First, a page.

The Fuzz Dot paintings above are original works that I’ve unearthed for my website’s 10th anniversary. The pieces themselves are straightforward enough: they are 11″ x 14″ original airbrushed paintings on heavy watercolor paper. But even the most simple artwork can contain multitudes. There are several art ideas at play in these little works.
Why Fuzz Dots?
Non-objective painting is alive and well.
Manet, Monet, Cezanne, Picasso, Malevich and more artists from 100-150 years ago started to transform the surface of artwork from a fictional window through which you see a picture to a flat space where you see the artist play with paint. Since then, artists have had a blast reducing painting to pure color, pure shape, pure line, and so on.
What I find amazing is that this exploration of painting as a non-picture is ongoing, exciting and explosive! The Fuzz Dot paintings are just one example of pieces I’ve made that participate in the huge arena of non-objective – that is, fully abstract, with no reference in the real world – painting.
Non-objective painting can be off-putting.
As gentle a soul as Agnes Martin seems to be on camera, encountering her work out of context can be trouble. Most of her work that I’ve seen looks like straight, delicately-drawn pencil lines on a white canvas. I have come to appreciate what she has to say about beauty and the sublime through her painting, but the paintings aren’t for everyone.
Fuzz Dot paintings are one of my responses to the fact that non-objective abstract painting can be cold and uninviting. The layering of color and those blurry non-edges just evoke a coziness that I like to look at.
Layers of color are beautiful.
Much of my artwork is, in part, about enjoying the beautiful, subtle, infinite effects you get when you layer multiple colors on one another. The Renaissance period in Western Art is characterized by the invention and master of glazing: layering translucent strokes of paint on top of one another to achieve a blended, luminous effect. In order for an artist not to blaspheme by portraying Jesus, they had to invent an incredibly sensitive and gorgeous method for portraying the spirit-made-flesh, and they did it!
Each of the twelve shapes in a Fuzz Dot painting is made of at least two airbrushed layers of paint. The effect is that each fuzzy dot passes as one color while actually being several simultaneously. I just love this, and I think you might, too.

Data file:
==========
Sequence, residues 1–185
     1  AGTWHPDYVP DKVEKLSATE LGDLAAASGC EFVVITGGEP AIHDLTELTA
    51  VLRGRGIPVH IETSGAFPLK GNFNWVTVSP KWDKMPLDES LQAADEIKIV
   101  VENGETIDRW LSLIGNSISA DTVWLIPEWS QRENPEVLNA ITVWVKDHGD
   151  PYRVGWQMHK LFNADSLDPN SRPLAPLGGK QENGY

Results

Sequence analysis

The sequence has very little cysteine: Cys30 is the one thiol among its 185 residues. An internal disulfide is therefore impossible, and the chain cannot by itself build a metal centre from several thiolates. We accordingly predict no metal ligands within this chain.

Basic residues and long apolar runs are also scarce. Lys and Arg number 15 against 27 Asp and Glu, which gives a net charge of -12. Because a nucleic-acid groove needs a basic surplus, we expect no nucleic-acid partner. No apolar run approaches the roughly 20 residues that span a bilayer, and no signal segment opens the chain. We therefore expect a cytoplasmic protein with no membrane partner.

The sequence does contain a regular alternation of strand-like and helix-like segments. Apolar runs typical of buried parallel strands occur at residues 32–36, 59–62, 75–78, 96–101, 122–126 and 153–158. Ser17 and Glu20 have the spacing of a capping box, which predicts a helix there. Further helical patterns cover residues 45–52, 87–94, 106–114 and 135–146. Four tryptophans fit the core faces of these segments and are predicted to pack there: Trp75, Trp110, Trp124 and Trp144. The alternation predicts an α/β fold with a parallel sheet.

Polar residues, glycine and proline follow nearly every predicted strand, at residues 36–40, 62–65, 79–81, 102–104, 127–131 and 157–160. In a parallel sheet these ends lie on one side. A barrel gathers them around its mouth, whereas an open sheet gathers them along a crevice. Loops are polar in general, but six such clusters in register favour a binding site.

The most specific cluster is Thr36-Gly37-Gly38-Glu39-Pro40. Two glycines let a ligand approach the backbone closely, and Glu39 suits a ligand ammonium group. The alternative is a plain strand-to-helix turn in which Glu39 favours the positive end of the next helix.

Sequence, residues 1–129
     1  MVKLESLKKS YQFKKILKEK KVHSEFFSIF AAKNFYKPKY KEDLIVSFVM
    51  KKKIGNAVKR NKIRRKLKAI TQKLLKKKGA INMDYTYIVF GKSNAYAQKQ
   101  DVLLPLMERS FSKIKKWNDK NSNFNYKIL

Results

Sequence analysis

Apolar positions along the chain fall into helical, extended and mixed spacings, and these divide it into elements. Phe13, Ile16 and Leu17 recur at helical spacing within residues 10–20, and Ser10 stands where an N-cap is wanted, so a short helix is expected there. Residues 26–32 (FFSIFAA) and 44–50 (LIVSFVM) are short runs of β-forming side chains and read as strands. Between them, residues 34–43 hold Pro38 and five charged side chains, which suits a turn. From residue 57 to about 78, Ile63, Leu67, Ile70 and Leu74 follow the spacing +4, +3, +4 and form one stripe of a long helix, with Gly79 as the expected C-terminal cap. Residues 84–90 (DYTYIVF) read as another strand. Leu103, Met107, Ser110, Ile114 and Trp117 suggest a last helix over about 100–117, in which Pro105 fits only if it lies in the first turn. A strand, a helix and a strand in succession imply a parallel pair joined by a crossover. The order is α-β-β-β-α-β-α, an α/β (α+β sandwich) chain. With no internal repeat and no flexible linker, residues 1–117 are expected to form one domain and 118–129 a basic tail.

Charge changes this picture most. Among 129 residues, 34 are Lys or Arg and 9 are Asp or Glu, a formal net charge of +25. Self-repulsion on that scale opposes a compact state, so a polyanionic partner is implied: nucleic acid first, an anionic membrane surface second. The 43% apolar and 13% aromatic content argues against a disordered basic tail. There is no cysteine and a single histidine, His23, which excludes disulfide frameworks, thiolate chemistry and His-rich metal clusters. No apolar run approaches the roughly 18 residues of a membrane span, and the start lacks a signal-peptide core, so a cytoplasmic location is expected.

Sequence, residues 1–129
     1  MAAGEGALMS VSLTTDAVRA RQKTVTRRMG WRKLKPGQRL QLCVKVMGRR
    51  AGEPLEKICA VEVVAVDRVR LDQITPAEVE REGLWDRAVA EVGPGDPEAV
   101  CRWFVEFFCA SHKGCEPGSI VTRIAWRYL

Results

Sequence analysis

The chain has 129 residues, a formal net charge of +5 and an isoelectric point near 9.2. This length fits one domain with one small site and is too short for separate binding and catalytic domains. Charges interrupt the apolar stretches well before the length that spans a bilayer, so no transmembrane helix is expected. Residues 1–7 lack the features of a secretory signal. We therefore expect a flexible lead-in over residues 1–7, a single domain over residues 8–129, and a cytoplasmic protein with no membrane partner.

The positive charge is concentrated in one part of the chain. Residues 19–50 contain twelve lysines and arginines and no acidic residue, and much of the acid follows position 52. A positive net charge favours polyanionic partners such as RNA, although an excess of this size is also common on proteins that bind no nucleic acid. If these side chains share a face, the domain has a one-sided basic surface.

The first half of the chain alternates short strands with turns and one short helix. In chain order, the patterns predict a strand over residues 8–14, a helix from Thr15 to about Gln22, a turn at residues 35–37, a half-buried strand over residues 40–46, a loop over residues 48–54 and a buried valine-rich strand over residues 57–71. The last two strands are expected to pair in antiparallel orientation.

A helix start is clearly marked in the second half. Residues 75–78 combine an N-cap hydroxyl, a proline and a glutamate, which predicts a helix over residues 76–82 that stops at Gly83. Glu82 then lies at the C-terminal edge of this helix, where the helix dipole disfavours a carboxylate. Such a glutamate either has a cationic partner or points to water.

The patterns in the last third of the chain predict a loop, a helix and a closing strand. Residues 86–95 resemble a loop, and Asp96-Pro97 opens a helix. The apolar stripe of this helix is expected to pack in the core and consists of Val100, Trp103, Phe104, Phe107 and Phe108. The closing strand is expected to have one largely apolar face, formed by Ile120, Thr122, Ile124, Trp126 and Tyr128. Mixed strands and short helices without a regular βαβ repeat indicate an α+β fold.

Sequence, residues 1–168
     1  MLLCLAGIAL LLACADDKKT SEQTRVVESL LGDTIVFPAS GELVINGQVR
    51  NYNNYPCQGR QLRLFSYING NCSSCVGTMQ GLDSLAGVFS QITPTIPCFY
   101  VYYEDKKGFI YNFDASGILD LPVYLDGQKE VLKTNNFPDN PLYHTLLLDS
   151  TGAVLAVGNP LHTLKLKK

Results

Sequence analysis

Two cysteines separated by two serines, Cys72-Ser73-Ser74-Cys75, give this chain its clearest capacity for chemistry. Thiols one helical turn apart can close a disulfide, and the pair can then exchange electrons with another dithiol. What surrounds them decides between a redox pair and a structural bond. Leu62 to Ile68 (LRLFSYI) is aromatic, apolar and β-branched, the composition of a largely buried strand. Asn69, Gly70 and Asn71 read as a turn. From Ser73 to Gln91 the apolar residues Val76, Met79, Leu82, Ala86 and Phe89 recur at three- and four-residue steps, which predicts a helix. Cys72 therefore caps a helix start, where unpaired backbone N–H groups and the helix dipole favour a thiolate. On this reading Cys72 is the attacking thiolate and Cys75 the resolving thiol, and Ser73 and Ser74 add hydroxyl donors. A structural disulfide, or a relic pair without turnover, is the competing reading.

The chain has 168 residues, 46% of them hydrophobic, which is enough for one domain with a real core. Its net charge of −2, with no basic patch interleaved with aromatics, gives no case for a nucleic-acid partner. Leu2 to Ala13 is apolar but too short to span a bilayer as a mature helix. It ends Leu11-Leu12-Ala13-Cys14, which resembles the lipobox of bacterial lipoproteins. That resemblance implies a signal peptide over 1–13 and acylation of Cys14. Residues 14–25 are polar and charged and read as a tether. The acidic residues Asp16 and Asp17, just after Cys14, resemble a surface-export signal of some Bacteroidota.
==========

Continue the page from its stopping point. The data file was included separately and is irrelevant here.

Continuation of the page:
Structure and looseness are equally appealing.
Agnes Martin’s work is very meticulous and organized, while someone like Willem de Kooning painted in a style that feels much looser, even if he is constructing a careful composition in spite of the slashes and dabs of paint. Fuzz Dot paintings have a little of both: I create a careful, slightly oblique grid then freely paint the circles without stencils or even touching the paper.
Painting without stencils, in 2011 when I made these pieces, was a freeing experience, because I had been making stenciled portraits and gestural abstract paintings, and I just needed to work with color and relax.
Finally, working intuitively can pay off both for the artist and the viewer.
Beyond knowing the general placement of each dot, I never had a plan when I started one of these paintings. Through working slowly, responding to the color and size of the dots I just painted, I slowly built what felt like a balanced composition of colorful, blurry dots. Artists of all kinds know the flow state of this kind of deep work, where you are using your instincts – honed by experience and education – and simply responding to the artwork in front of you until you feel it is finished.
This way of working on instinct does not always yield a product that is user-friendly, but in this case, the Fuzz Dot paintings have been artwork that people continually enjoy looking at and talking about.
I have been heartened by the reaction that viewers have when they see the Fuzz Dot paintings. They situate themselves nicely both in art history and in front of your eyes. I have experimented with how I can explore the Fuzz Dot without making unnecessary, uninspired copies, and I hope to make some and put them out there for you to see soon.
In the meantime, at the time of publishing this post, two out of the five pieces are still available, so consider adding a Fuzz Dot painting to your collection.